Making America lame again

Home Depot cans workers that foiled shoplifter

Customer shoplifts. Employees chase customer to parking lot. Shoplifter threatens to shoot employees before running away. Customers write down shoplifter's car license plate. Police ultimately nab shoplifter.

Uh, story doesn't end there.

The employees were fired.

No, really. Check out the full story here.

See, those employees broke their company's policy. At the Home Depot, it's never fair game to chase a shoplifter.

"Even if you pursue a shoplifter to get their tag number, they often then speed away, putting everyone in the lot at risk. The problem is that pursuing shoplifters is extremely dangerous, which is why we only allow trained security personnel to do so."
— Stephen Holmes, Home Depot corporate communicators director

Look, we get it that chasing shoplifters is not safe. We also get that Home Depot has some history with this particular topic.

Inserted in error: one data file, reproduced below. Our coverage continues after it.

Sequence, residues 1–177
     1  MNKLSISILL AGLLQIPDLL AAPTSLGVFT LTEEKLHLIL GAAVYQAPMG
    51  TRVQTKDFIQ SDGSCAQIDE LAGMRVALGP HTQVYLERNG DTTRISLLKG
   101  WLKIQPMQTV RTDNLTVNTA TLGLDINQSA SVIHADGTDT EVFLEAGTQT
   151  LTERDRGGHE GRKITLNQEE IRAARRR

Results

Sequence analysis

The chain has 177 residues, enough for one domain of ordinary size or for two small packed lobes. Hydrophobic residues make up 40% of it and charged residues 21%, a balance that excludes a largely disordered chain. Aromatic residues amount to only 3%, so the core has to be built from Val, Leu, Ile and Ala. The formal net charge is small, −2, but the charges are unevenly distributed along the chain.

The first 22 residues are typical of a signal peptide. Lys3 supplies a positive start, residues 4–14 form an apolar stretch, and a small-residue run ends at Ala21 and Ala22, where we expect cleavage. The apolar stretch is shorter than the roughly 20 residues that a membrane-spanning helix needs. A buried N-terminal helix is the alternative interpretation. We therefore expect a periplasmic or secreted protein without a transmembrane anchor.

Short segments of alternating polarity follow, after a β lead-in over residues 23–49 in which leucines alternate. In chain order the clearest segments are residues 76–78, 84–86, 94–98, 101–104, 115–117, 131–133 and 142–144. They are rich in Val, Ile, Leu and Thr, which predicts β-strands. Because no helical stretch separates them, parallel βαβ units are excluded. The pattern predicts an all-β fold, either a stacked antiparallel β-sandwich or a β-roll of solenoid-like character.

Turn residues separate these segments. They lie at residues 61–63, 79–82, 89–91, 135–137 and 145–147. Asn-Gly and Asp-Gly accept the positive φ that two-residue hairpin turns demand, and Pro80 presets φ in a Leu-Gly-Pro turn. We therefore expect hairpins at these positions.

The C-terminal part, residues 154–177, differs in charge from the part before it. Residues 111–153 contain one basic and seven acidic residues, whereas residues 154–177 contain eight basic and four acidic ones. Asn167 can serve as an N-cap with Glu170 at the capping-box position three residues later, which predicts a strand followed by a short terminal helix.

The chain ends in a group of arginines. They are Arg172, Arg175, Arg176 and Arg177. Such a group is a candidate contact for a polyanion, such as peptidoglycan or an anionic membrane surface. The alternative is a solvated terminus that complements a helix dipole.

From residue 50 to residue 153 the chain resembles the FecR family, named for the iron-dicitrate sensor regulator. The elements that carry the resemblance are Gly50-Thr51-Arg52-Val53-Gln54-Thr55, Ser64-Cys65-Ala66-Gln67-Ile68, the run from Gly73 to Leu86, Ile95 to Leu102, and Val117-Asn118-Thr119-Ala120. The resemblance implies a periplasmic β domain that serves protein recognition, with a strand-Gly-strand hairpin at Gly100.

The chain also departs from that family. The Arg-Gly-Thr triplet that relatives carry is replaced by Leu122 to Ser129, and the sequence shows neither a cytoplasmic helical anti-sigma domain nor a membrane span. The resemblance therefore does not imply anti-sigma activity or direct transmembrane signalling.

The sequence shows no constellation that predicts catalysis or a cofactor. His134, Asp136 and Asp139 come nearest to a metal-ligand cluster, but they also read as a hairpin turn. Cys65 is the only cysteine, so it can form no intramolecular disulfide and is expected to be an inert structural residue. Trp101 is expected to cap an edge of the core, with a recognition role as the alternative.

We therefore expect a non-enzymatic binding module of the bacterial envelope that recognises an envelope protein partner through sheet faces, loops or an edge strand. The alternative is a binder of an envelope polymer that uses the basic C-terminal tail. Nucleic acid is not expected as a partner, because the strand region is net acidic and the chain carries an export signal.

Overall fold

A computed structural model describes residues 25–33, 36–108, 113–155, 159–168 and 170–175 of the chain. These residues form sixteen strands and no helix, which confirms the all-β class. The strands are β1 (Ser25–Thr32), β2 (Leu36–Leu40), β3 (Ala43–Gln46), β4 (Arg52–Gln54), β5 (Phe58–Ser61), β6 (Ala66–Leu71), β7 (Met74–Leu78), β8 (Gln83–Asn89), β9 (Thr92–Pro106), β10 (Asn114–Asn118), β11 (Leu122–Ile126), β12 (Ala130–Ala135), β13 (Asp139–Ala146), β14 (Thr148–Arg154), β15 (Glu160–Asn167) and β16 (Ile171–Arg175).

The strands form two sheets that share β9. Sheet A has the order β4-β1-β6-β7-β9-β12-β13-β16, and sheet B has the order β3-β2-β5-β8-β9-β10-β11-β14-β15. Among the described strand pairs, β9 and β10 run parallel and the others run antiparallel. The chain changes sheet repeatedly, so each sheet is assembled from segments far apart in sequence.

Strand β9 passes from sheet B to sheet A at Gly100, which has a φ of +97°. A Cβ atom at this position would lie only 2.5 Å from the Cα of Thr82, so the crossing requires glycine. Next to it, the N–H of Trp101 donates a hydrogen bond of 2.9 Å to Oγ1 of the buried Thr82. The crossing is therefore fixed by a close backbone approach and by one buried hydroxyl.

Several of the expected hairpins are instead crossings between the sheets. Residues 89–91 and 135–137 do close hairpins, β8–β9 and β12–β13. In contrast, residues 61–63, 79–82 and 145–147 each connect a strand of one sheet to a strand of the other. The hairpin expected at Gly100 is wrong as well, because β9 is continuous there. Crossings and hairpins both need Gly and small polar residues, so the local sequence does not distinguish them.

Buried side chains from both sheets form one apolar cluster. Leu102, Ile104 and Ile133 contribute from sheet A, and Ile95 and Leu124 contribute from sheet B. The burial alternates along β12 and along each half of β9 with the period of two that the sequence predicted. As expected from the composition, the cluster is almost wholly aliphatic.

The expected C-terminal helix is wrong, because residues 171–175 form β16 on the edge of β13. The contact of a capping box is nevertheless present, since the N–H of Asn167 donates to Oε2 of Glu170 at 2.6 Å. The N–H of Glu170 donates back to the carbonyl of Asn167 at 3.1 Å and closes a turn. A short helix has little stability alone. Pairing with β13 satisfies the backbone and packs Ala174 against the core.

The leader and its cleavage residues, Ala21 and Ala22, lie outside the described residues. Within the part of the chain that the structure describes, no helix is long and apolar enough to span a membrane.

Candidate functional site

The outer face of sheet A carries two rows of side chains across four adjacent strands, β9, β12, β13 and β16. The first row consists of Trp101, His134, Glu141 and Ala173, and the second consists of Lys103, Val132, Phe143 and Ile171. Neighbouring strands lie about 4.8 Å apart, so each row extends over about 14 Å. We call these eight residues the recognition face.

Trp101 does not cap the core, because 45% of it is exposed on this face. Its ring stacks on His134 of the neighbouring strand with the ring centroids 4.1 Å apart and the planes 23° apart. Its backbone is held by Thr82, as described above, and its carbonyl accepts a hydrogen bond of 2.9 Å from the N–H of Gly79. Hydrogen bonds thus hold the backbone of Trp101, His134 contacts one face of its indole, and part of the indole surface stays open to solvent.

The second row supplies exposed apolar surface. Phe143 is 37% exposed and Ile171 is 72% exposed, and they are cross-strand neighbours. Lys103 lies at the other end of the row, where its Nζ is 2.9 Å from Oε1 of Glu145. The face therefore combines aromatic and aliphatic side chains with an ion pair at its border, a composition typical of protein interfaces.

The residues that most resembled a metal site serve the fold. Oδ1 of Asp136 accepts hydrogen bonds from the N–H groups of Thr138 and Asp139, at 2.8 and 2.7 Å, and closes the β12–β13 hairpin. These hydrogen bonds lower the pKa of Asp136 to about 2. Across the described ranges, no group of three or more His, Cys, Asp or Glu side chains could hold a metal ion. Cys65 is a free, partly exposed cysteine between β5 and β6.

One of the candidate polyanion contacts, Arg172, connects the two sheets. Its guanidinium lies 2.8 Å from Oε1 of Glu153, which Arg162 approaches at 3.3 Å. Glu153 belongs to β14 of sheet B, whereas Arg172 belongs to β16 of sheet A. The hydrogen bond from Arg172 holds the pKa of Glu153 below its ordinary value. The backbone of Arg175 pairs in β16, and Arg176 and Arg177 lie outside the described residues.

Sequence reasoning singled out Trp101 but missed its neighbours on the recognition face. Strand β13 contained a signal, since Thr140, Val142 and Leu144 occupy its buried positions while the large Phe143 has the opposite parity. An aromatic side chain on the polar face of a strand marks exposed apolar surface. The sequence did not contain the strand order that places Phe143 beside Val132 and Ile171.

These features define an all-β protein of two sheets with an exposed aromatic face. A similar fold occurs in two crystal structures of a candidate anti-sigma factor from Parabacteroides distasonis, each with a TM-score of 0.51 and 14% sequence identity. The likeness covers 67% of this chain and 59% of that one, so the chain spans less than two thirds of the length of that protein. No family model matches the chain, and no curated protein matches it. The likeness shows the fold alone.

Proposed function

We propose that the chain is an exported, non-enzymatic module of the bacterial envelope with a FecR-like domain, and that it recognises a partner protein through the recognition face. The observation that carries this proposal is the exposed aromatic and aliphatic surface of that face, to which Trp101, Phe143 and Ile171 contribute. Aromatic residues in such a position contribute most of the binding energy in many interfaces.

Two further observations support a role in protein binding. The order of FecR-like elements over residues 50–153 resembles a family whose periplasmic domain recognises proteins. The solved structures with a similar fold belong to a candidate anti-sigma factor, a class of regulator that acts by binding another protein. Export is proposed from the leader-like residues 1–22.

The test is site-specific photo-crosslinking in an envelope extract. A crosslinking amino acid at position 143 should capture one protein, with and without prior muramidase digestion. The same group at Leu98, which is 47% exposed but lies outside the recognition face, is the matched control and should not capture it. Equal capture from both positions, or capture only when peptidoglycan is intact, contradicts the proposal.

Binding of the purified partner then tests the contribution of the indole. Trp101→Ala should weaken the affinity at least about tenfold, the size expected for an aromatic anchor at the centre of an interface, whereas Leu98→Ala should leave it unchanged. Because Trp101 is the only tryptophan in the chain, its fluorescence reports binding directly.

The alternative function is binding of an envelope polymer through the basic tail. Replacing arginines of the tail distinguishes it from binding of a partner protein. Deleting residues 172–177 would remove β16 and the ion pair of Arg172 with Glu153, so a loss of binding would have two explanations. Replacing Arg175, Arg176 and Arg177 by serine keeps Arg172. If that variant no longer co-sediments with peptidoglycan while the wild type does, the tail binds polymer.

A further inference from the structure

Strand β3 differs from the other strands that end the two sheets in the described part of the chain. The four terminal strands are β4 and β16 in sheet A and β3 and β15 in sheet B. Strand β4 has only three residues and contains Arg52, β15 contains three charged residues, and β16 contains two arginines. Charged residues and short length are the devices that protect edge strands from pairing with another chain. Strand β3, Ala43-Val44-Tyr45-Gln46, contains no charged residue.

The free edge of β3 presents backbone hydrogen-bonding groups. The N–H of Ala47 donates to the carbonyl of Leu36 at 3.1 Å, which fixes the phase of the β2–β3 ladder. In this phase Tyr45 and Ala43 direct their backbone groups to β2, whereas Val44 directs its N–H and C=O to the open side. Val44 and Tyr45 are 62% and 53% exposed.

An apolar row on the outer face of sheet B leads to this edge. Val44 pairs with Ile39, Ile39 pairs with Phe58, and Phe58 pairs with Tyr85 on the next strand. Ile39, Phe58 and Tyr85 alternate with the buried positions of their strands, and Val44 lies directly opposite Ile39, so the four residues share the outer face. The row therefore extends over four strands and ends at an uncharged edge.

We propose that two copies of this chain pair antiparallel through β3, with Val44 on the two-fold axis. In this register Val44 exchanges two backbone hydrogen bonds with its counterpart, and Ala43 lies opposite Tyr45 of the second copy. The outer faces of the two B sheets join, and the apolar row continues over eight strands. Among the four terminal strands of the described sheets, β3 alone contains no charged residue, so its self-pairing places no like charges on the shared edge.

Earlier this month, a suspected shoplifter was arrested for stabbing and injuring a Home Depot loss prevention officer at a store in North Carolina. Less than two weeks later, at another Home Depot store in North Carolina, a customer allegedly punched a cashier in the head during an argument over a receipt. The employee suffered brain damage, according to the company.

We get a rule was broken.

But, firing employees for actually helping seems... well, God bless, Corporate America, one and all.

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Coyote bites 5-year-old boy at California college campus

Professional trappers will try to catch a coyote that bit a 5-year-old boy on a Los Angeles college campus.

Lt. J.C. Healy with the California Department of Fish and Wildlife says the child was walking with his father Wednesday when the boy cried out, "He bit me!"

Healy says the father chased the coyote away. The boy suffered a minor leg wound.

The Los Angeles Times says that shortly after the biting, a coyote aggressively approached a student on campus. A school police officer fired his gun at the animal. Police believe it was struck but escaped into hills surrounding California State University, Los Angeles.

Officials will try and get the coyote's DNA from the boy's pants. Healy says if trappers manage to catch the animal, it will be euthanized.

— Associated Press